The day after Roe v. Wade was struck down, hundreds of people rallied in front of the Supreme Court building in Washington. A small number of anti-abortion protesters were there to celebrate, but mostly the crowd was protesting the choice, by the Supreme Court, to summarily strip Americans of reproductive rights.
One of the speakers, her voice amplified over the heads of onlookers, expressed her frustration with Congress, saying there was little reason to hope that elected Democrats would do anything to help protect reproductive rights. So she had come with a different message.
“Repeat after me,” she said into a microphone. “Misoprostol.”
The crowd yelled the medication name back at her.
“We sometimes call it mEYE-so, or miso, like the soup,” she added. “It’s safer than Tylenol.”
Step by step, she told the crowd exactly how to end a pregnancy with medication, explaining how many pills a person needing an abortion should take, how to let the medication dissolve in your cheeks slowly, and what to expect after that. The crowd roared its approval.
Over the course of the afternoon, in 90-degree heat, protesters who were for the most part young and female trickled in and out of a barricaded area across the street from the Supreme Court building. They wore stickers that called for abortion on demand and held signs saying “abort SCOTUS.” Some women in white had painted red streaks down their thighs. They were packed in tight, listening to a rotating list of speakers who sobbed as they spoke of their fears, of their own abortion stories.
The anger was clearly visible from every sign and chant—“Fuck the church, fuck the state. Women will decide their fate”—but the mood at the protest seemed more defiant than anguished. People delighted in clever signs or vented their outrage with each other about the ruling. At one point, a cheer went up for the abortion providers among the crowd. One woman I spoke with guessed that the positivity had something to do with the “welcoming nature” of the people present, of the relief of finding yourself surrounded by others willing to share in grief. I witnessed one tearful woman thank a supportive man for being there and ask to give him a hug.
That is not to say there weren’t mournful moments. A woman from San Antonio stood in front of the assembled protesters and described being raped during college, a story she said she had never told before. The pregnancy had ended her dreams of a career as a scientist. She broke down, sobbing, and people in the crowd screamed, “‘We love you, we stand with you.”
Anger was most often directed at the conservative justices—Kavanaugh, in particular, seemed to attract ire—but President Joe Biden and the Democrats in Congress also received some boos. “Democrats never voted to codify Roe into law,” one speaker yelled. “Fuck them.” The crowd cheered.
“Part of this was facilitated by the Democrats,” another speaker said. “‘Safe, legal, and rare.’ Fuck that shit. On demand, without apology.” People cheered.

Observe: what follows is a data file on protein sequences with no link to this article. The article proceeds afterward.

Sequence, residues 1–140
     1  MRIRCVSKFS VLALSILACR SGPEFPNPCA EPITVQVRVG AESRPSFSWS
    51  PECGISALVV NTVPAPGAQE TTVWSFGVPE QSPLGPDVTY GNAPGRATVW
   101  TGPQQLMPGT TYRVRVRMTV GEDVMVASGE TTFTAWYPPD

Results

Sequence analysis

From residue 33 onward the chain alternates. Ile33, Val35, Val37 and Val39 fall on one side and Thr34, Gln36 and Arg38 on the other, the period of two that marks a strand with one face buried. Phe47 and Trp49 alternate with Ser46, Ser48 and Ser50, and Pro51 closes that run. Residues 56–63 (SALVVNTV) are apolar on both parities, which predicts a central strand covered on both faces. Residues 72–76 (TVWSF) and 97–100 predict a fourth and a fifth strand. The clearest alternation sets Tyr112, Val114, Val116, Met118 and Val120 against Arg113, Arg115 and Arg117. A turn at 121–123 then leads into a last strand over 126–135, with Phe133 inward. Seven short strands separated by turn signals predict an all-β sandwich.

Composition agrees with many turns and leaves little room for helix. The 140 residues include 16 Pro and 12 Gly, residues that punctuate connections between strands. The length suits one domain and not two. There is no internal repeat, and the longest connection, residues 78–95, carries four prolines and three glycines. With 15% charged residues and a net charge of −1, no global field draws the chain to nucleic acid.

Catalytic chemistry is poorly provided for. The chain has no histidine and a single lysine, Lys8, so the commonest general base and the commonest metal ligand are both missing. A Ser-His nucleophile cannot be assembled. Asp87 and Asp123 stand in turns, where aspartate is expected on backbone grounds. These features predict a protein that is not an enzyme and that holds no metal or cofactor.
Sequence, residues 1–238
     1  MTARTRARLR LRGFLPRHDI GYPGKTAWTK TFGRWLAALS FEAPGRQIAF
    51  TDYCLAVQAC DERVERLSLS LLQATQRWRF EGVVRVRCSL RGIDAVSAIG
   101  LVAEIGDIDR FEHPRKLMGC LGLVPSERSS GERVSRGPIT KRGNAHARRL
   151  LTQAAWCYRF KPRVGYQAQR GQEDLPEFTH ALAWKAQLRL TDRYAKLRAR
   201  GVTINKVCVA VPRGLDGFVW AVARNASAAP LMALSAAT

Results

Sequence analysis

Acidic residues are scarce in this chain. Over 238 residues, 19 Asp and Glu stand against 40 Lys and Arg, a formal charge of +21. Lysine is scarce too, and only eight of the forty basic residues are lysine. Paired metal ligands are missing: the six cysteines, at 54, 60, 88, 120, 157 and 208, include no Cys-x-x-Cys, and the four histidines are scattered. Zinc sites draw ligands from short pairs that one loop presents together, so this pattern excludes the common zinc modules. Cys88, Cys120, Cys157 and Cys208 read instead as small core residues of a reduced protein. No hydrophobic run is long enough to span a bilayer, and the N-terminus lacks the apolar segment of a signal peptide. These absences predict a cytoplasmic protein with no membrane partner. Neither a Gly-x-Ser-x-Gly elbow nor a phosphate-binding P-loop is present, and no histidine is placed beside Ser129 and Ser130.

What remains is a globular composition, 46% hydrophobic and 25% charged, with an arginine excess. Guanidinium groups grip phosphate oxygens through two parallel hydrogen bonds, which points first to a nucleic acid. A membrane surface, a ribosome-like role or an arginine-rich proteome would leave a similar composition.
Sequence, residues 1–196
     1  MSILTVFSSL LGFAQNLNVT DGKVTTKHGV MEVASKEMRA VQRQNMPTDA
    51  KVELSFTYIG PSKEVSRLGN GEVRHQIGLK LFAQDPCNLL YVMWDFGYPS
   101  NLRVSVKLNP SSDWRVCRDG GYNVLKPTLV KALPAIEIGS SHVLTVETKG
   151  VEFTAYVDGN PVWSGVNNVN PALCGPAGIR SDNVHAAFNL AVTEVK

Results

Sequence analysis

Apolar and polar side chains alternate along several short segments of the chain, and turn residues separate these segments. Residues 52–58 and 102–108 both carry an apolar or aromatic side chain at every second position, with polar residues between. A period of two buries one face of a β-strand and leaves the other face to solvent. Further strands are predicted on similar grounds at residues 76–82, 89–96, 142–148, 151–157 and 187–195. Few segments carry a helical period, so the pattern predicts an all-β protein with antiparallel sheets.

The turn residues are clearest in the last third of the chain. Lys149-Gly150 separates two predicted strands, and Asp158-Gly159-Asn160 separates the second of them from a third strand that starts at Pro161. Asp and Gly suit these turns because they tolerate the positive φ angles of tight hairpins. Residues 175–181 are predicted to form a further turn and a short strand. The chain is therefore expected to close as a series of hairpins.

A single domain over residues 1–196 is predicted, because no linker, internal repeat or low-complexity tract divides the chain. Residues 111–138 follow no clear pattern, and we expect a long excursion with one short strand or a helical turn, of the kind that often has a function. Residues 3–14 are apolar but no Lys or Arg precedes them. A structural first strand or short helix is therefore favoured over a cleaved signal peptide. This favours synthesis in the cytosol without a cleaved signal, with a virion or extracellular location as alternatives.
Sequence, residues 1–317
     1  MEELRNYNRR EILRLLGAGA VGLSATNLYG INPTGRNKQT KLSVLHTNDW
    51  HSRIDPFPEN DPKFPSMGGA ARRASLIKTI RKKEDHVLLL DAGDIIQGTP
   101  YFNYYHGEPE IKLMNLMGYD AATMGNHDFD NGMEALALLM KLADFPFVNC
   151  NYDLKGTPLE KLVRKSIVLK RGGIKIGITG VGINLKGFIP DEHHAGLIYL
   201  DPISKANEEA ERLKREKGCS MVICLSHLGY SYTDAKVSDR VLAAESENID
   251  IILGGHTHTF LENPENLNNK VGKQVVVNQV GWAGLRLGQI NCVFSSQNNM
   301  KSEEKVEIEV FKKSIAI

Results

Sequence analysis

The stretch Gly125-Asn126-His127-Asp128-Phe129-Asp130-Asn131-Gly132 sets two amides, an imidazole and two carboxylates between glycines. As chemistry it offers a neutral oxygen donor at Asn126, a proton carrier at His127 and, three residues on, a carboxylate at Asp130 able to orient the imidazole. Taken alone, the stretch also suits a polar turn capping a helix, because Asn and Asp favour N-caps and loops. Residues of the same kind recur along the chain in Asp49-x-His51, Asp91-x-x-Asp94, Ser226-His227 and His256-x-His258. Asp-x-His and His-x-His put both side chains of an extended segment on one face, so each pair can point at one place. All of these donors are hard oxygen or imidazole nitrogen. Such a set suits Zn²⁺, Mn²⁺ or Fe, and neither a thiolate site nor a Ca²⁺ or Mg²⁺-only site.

“Where is Joe Biden, by the way?” she continued. “We can’t depend on anyone in this building”—she pointed to the Supreme Court—“or that building”—she pointed to the U.S. Capitol—“to protect our rights.”
It was a note that was somewhat at odds with pleas from other speakers to get out and vote in the next elections. The tension—between releasing anger and looking for hope, between facing the hard reality of the situation and warding off defeatism—was palpable. One minute, there was a practical call for organizing at the local level. The next, a speaker led the crowd in a primal scream.
Among the protesters themselves, there was a general feeling that something had to be done, but few seemed sure they knew what that was. (Some of the solutions speakers proposed included packing the court; voting in Congressional elections; voting in local elections; demanding Biden use executive orders to have the Centers for Disease Control provide abortion drugs; and marching in the streets.)
“More, anything,” said one protester, named Megan, when asked what she thought Democrats should do. “Something is better than nothing, which is what they’re doing right now. Pessimistically, I don’t know. But at this point, giving up hope and optimism seems more dangerous than anything.”
She wasn’t alone in her misgivings.
“We do, unfortunately, have some very inept Democrats in Congress right now,” said a protester named Dana Bubka. “I feel like what we can do is limited because of them. So I implore voters to get out in November and hopefully allow other Democrats in Congress to overcome their votes in the Senate and stop their ability to prevent us from passing laws that would strengthen abortion rights in the country.”
Another protester summed up many others’ sentiments: “We know they’re not done,” said Melissa Jensen. “Clarence Thomas said they’re going to come for contraceptive rights. They’re going to come for marital rights. I’m a gay woman. The thought that I could lose my right to get married again in my lifetime is really heartbreaking. On top of being a woman who’s lost rights today. So let’s get to work. If we have control of multiple branches of the government right now, let’s pass some fucking laws.”